Letter from the Editor: The Lingering Trauma of Being Compared to Tyler the Creator and Other Grammy's 2018 Thoughts
The 60th annual Grammy Awards are airing tonight, and with it the the cloud of sadness thats followed me for the past few days as I awaited having to sit through the whole 3 hours ordeal is finally lifting. I am almost free.
If you, like Rihanna the past 2 years, had all but given up on the Grammy's as an institution, you've probably come back this year, like Rihanna, because of the distinct cultural climate in which we find ourselves. After being criticized in recent years for atrocities including but not limited too: (2014) Macklemore winning Best RAP album over Kendrick Lamar, (2016) Taylor Swift winning Album of the year over Kendrick Lamar, and (2017) Adele winning Album of the Year over Beyoncé Giselle Knowles-Carter, its understandable that for a lot of people enough was enough!
Now, I don't particularly have anything against the winners mentioned above (obviously that is except for Taylor Swift whom in my opinion is about as likable as a sandy diaper thats washed ashore to bake in the midday sun), but fool me once Grammy's, shame on you, pick Macklemore over Kendrick Lamar in a category about Rap ability BITCH YOU TRIED IT.
This year is different however. For the very first time in the 60 (SIX-ZERO) years of these awards, 2018 marks the very first time that a white male artist was not nominated for Album of the Year or Record of the Year, the two biggest awards of the night (See all the 2018 nominees and past winners here). Strange since it seemed all 2017 I could not escape "The Shape of You" by the lé gingembre (thats french for 'endangered white person') Ed Sheeran. That song basically broke every Billboard record for the longest weeks at number 1 on the pop charts, and not that the Grammys should give out awards for commercial success over musical merit, but like, they gave an award to Macklemore...for rapping..(IM SORRY IM STILL NOT OVER IT) so you never really know with them. While Eddy was nominated for some other categories, it does not seem like a mistake that the Grammys chose this moment in time to suddenly start highlighting the contributions of minorities to the industry they've long helped define.
As someone who has for many years watched most award shows not necessarily for who wins or who loses specifically, but rather, for what it says about the current state of the culture based on the winners and losers. Award shows are the summary pages of an industry's year, and it says so much more that Adele's 25, a melancholic, introspective album, won in 2017 over Beyonce's Lemonade, an uncharacteristically personal, complicated and angry body of work. It says, at least to me, not that Adele is better than Beyonce (Hah) but that in the year of 2016, what society wanted was an unchallenging, likable, easily understood set of emotions, over a knotty, messy, angry, story about infidelity, race, and injustice. Listen, I get it, and so did Adele, and thats why she got up on that stage and gave an apology speech to Beyonce; we all would have.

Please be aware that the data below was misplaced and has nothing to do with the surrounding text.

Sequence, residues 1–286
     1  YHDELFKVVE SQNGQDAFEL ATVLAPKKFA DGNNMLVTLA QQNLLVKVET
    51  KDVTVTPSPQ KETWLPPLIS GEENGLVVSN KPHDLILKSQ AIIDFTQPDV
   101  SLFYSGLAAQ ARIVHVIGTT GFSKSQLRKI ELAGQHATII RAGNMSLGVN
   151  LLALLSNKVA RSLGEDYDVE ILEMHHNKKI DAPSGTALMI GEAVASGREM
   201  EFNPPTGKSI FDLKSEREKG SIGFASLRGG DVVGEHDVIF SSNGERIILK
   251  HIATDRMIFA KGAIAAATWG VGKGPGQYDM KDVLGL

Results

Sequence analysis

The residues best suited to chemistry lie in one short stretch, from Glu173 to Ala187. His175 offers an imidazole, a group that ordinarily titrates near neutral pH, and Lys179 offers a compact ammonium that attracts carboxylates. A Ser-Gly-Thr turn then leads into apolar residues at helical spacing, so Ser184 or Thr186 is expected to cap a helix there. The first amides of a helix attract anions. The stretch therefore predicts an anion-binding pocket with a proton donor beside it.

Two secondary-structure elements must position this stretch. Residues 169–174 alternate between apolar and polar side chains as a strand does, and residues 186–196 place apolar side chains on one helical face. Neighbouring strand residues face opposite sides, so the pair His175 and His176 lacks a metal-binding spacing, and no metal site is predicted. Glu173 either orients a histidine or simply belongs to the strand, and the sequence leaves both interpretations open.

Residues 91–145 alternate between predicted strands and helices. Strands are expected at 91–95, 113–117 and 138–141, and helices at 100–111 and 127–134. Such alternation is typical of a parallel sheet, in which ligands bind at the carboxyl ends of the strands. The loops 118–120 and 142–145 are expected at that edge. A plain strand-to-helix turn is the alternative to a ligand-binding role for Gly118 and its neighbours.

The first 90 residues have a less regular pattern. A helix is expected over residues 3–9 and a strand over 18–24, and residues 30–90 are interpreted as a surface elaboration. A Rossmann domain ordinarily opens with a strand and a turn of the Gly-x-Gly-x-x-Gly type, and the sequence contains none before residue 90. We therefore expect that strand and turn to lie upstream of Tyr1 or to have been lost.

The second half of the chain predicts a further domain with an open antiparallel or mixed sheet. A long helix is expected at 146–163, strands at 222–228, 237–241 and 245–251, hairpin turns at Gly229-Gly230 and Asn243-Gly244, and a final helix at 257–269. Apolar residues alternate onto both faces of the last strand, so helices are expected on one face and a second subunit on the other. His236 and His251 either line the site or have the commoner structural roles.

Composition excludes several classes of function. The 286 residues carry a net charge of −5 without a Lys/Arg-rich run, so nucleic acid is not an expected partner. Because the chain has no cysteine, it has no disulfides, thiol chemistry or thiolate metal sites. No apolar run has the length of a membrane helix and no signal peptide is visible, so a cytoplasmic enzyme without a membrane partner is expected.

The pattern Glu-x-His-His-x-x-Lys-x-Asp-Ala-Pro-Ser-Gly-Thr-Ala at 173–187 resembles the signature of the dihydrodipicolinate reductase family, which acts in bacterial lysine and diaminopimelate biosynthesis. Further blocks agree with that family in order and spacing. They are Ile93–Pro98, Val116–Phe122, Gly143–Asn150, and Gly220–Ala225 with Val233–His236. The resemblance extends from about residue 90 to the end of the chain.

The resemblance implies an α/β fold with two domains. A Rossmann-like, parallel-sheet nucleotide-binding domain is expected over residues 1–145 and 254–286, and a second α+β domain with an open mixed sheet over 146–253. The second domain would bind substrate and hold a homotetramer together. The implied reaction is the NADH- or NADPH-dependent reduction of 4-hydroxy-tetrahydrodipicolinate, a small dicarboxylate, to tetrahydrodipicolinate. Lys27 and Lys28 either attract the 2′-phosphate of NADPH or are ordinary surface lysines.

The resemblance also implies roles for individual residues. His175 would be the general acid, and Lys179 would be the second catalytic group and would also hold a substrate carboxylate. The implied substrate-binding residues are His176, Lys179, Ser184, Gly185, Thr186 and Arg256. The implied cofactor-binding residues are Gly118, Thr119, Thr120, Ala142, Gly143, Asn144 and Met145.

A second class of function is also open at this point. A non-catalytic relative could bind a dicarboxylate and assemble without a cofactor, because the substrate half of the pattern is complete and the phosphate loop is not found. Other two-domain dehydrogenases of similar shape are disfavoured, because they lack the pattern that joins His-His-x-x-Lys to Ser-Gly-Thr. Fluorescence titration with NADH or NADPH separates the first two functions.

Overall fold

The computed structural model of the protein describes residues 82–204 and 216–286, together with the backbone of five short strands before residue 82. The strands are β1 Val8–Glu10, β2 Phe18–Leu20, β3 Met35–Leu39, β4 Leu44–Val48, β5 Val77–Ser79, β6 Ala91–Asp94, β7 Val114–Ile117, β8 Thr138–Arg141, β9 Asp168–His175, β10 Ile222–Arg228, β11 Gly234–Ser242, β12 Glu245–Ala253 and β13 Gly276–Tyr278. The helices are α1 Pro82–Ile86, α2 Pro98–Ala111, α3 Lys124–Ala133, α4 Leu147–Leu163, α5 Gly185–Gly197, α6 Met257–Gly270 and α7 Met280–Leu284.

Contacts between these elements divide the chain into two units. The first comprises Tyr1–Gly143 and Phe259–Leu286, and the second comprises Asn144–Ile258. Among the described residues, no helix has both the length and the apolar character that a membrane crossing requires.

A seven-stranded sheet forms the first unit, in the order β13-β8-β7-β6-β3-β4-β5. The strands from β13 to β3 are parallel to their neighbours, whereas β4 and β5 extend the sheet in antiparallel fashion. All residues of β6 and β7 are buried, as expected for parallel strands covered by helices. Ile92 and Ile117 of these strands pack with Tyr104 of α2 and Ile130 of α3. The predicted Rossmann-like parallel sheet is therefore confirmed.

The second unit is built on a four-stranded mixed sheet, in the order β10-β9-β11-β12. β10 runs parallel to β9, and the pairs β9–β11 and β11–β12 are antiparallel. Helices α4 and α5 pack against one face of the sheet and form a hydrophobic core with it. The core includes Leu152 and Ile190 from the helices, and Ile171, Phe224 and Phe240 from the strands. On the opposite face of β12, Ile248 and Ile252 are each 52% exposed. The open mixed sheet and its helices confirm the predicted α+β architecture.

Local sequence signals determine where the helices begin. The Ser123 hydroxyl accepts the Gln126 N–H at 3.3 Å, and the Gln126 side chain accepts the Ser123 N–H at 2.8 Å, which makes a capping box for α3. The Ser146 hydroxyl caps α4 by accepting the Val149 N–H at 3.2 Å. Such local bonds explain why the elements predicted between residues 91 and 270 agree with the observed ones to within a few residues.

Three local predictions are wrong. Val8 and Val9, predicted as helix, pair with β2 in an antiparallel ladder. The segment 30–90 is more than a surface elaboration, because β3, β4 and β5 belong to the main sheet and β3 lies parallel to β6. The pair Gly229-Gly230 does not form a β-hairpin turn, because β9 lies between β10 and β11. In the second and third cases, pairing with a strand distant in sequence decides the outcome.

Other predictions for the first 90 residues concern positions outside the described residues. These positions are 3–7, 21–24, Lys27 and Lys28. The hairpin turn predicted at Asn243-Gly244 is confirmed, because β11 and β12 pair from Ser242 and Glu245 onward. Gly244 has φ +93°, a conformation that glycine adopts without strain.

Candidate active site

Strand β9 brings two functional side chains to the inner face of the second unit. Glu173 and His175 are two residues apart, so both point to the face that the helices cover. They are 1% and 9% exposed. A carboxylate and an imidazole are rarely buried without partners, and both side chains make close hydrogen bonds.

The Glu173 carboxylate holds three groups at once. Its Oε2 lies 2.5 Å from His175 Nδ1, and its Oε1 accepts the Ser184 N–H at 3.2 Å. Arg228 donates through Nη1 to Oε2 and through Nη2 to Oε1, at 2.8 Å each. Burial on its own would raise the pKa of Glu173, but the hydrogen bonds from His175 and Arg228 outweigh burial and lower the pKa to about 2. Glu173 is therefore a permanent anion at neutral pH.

This year the Grammys got it too. Preempting a twitter storm of #GrammysAlSoWhite they chose to stack the deck with melanin to make sure they remained relevant. Again, I don't think its important who wins or losses, because we have already seen what 2017 has wrought; a year marked by powerful white men being called to task for their horrific behavior shepherded by the #MeToo movement, #BlackLivesMatter continuing to matter while white people continued to be mad about it and take it out on Colin Kaepernick, and a white house that is waging an unceasing onslaught against decency and rational thought, 2017 was lets face it, kind of a dumpster fire. So I will be watching the Grammy's this year not to see who takes home the golden gramophone, but for literally everything else.
I'll be watching for SZA who I've loved for yeaaarrss, and now she's nominated for 5 awards! I'll be rooting for Cardi B, because if a girl from the projects can make it all the way to the Grammy's then a boy from the projects can have a blog about fashion and shit Ooowww. I'll be watching for Rihanna's performance, Beyonce's outfits, and more than ANYTHING camera pans into the audience for Blue Ivy. I'll be watching because for once the Grammy's has the potential to say something about a culture that speaks to my interests, rather than just profiting from it.
*Audible scream* I saw Tyler The Creator on the red carpet and I need someone to explain him to me. So like, I was at Panorama festival last year, and he was performing and the random stranger girl standing next to me looks at the screen, then at me, and then has the audacity to say I kind of resemble him. Like, she said that TO MY FACE. I was standing right there. Worse, only because that was now the SECOND time someone has likened me to The Creator. The year was 2010, the doppelgänger thing on Facebook was just getting popular, and someone who I considered a friend at the time, suggested that I should use Tyler The Creator as my look-a-like.
We're no longer friends.
Okay okaaayyy, he's like super talented, and dresses cute sometimes, but what about the collateral damage of those statements. What about me waking up in the middle of the night in a cold sweat considering what my future holds. He's a famous musician, of course he's going to find someone to love him. But what do I have? WHAT DO I HAVE HUH?
Im ready to fight.
- Jonathan Bell